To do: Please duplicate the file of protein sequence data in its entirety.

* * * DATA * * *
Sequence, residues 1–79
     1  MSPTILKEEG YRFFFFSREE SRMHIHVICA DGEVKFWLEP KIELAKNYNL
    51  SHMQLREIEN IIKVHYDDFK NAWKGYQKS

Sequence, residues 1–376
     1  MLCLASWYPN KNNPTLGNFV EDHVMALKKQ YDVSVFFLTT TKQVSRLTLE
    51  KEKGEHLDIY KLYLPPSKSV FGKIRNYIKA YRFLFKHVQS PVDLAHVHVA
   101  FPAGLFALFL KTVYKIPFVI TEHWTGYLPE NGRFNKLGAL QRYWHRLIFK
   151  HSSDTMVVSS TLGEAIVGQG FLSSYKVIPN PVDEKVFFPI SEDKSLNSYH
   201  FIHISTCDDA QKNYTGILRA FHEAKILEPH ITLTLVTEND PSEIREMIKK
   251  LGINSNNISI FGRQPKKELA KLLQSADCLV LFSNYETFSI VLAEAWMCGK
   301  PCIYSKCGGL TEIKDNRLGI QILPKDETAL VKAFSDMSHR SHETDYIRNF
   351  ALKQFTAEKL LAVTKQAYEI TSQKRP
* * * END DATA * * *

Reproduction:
Sequence, residues 1–79
     1  MSPTILKEEG YRFFFFSREE SRMHIHVICA DGEVKFWLEP KIELAKNYNL
    51  SHMQLREIEN IIKVHYDDFK NAWKGYQKS

Sequence, residues 1–376
     1  MLCLASWYPN KNNPTLGNFV EDHVMALKKQ YDVSVFFLTT TKQVSRLTLE
    51  KEKGEHLDIY KLYLPPSKSV FGKIRNYIKA YRFLFKHVQS PVDLAHVHVA
   101  FPAGLFALFL KTVYKIPFVI TEHWTGYLPE NGRFNKLGAL QRYWHRLIFK
   151  HSSDTMVVSS TLGEAIVGQG FLSSYKVIPN PVDEKVFFPI SEDKSLNSYH
   201  FIHISTCDDA QKNYTGILRA FHEAKILEPH ITLTLVTEND PSEIREMIKK
   251  LGINSNNISI FGRQPKKELA KLLQSADCLV LFSNYETFSI VLAEAWMCGK
   301  PCIYSKCGGL TEIKDNRLGI QILPKDETAL VKAFSDMSHR SHETDYIRNF
   351  ALKQFTAEKL LAVTKQAYEI TSQKRP